How I joined one of the world’s leading participatory business networks
Only a year ago, I thought Enspiral was simply a group of freelancers and startups working out of a funky space in Wellington, New Zealand. I was about a year into my journey as a freelancer focused on bringing the ideas of agile and responsive and Teal to organisations. I was feeling both lonely and isolated from the smart people who were always around when I had a real job.
All the threads started coming together, and I made the first move. I met heaps of people, started hanging around, and by the end of Summerfest in January I had made my decision to invest in and work with these amazing humans.
See what I did there? Quite different from a normal engagement—I chose participation.
One of the memes it took me a while to understand about Enspiral is that it’s easy to join and hard to stay. Staying takes a mindset of total self-management, which is antithetical to the way we’ve been taught, or to how most of us experience work. You find your own way. Enspiral does not have jobs. You create your own. And find a way to make a livelihood.
I totally get that I am not the traditional persona of an Enspiralite. I’ve had a career—in humongous multinationals, start ups, and global bungy-jumping empires. Since I was 17, I’ve always had to provide a CV and interview—and depending on the whim (or wisdom!) of the HR team or the hiring manager—I’d get offered a contract and some money to do some stuff or sell some stuff.
Not only did that not happen at Enspiral for me—(not to say it couldn’t for you if you choose to do work for an Enspiral venture)—it also took me a really long time to get my head around it—the ‘how we do things here’ piece. We are starting to understand how hard that is, and how important it is—not only to new adventurers poking around, but to those of us hanging around in the gooey center.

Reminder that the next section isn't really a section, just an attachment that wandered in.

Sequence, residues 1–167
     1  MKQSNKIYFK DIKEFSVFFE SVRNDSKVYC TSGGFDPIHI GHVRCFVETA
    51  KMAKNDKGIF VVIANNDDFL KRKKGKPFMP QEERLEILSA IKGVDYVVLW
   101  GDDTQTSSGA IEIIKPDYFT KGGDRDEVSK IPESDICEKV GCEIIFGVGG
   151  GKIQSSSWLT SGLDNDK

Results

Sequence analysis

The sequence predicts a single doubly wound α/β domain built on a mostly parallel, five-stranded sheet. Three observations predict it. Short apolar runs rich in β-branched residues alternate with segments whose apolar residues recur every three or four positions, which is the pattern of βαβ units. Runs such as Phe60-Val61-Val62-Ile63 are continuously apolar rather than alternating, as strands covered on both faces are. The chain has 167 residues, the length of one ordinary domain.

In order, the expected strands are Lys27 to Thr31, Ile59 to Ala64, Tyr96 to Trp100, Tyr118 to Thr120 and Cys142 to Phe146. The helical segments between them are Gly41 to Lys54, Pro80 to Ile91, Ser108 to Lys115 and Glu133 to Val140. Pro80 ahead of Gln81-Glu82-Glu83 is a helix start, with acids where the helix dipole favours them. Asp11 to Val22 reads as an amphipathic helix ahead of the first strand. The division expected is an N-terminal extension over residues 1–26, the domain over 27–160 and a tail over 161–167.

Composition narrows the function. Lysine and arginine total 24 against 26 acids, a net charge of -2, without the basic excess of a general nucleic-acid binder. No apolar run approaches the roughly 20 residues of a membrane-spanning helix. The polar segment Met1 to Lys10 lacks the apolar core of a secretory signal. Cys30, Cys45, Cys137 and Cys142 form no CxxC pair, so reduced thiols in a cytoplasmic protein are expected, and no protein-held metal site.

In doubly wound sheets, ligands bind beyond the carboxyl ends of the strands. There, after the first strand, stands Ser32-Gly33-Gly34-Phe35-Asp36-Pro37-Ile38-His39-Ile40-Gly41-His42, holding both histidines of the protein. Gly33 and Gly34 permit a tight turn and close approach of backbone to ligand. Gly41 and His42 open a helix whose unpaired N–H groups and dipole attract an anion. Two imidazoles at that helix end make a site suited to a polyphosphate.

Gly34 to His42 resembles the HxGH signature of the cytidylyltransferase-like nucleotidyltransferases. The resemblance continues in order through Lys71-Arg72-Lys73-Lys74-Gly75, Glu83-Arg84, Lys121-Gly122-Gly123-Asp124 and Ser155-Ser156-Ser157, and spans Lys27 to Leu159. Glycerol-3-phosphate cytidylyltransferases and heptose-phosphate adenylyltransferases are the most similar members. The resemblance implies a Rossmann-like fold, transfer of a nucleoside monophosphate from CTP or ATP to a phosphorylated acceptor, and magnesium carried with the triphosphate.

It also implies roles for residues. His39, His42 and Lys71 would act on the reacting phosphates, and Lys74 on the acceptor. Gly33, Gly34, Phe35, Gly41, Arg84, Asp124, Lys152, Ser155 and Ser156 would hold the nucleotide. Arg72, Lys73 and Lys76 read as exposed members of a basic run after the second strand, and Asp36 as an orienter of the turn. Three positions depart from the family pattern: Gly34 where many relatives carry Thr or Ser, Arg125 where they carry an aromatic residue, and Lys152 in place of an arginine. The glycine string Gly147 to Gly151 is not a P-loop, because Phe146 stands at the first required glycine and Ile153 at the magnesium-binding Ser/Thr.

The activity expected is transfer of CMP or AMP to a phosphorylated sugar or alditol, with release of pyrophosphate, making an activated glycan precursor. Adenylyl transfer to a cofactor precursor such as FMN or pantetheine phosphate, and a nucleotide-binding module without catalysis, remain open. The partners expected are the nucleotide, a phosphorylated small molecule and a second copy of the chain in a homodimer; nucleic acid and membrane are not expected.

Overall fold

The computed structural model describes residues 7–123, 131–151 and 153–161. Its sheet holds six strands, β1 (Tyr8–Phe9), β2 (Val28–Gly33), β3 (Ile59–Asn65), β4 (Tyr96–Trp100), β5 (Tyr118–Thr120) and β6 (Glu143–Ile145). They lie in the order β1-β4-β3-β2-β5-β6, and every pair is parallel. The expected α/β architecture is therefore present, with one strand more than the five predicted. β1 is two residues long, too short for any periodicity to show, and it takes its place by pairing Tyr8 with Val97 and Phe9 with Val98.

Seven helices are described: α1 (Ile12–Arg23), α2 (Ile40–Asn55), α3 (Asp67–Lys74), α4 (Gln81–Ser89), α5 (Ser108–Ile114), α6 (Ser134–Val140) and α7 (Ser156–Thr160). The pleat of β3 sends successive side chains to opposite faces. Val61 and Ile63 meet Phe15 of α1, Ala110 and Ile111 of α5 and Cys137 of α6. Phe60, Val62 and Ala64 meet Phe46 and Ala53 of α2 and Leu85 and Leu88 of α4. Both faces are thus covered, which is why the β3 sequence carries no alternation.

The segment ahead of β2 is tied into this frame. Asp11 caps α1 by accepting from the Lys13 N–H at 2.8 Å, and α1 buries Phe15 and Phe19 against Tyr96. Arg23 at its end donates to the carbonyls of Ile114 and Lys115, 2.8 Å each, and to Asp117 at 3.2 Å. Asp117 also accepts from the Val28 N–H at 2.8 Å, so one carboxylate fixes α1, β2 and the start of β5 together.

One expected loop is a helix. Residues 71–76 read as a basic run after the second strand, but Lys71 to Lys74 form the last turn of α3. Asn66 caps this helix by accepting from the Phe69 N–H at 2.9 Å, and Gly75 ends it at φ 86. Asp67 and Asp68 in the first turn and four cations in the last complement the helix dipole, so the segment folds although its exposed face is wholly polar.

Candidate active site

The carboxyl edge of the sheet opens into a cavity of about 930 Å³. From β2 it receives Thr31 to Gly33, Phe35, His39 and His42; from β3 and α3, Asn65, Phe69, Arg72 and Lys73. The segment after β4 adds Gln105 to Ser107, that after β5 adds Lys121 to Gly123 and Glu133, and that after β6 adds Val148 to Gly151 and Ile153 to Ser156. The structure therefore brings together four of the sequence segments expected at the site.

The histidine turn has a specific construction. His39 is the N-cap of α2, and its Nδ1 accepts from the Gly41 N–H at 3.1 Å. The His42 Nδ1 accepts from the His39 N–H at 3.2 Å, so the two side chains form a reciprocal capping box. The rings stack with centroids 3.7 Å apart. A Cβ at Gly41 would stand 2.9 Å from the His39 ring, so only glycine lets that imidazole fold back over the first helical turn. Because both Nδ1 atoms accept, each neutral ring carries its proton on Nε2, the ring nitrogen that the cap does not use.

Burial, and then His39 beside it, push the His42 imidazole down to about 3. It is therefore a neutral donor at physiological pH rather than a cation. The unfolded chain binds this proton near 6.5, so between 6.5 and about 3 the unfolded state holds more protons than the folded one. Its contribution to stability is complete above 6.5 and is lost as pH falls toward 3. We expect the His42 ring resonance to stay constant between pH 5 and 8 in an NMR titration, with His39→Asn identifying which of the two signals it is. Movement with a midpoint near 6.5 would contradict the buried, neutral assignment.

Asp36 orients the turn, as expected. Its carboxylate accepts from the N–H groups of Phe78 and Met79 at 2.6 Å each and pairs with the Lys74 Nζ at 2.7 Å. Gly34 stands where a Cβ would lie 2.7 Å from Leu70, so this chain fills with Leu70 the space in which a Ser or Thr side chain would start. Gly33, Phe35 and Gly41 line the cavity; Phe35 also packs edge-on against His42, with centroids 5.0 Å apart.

What do you do when there is no CFO to do spreadsheets for what gets funded next year? What do you do when you recognise the need to be responsive and realize that there is no way we can predict what we’d want or need to spend money on month to month? You build Cobudget.
How does money get in there in the first place? How does the Enspiral Foundation run? It has no employees, but there is the support and scaffolding of 40 members and 250 contributors to hold. You think lean and practical and have a MVB—Minimum Viable Board to cover the legal obligations and the risk—and you share out the work of the C-Suite (haha a c-suite that does actual work!) amongst those with the energy and interest. You let them decide how to organize and be Catalysts in the true sense of the word.
Enspiral has taken the better part of a decade to both understand what it needed and what experiments to try. We’ll never be done. It will always be changing. And how do you care for a culture that is at once unique and emergent? Notice. Listen. Play. Our latest ‘agreement’ invokes the opportunity of intentional Stewardship.
It’s not easy. Sometimes it’s really hard. We’ve heard voices and questions and ‘hands raised’ all around the world.
With a tentative gaze outward, we understand we have a responsibility to share this great experiment, with whoever wants to listen.
We’ve started a new venture called Enspiral Labs to make that intentional—the sharing of ideas and tools and experiment—to provide some source of confidence that it’s possible. Sharing feels good, and it changes lives.
We are touring Europe in September and October, and we are so looking forward to sharing our lived experience. Grab your tickets for Berlin, Stockholm, Copenhagen, London, Amsterdam, Brussels, and Budapest here.
Hope to see you soon!
Susan Basterfield is a catalyst, cultivator, convenor and curator, helping individuals and organisations experiment with new ways of working and being. A founding partner of Enspiral Labs, she serves as a Catalyst for the Enspiral Foundation, works with distributed teams worldwide as a culture coach and digital facilitator, and convenes Teal NZ, with over 300 members.